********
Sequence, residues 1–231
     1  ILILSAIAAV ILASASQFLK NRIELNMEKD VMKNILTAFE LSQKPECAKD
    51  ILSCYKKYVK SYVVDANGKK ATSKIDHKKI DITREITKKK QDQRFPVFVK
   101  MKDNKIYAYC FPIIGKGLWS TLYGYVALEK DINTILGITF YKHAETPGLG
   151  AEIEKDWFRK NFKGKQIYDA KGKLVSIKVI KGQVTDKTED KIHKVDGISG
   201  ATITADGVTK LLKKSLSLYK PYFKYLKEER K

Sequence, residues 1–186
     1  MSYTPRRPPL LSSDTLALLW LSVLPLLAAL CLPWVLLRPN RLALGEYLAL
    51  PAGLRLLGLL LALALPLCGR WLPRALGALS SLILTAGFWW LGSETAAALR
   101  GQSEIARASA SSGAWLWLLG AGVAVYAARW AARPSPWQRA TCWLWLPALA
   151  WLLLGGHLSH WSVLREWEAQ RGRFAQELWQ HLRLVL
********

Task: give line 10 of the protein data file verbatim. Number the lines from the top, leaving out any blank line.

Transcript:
   101  GQSEIARASA SSGAWLWLLG AGVAVYAARW AARPSPWQRA TCWLWLPALA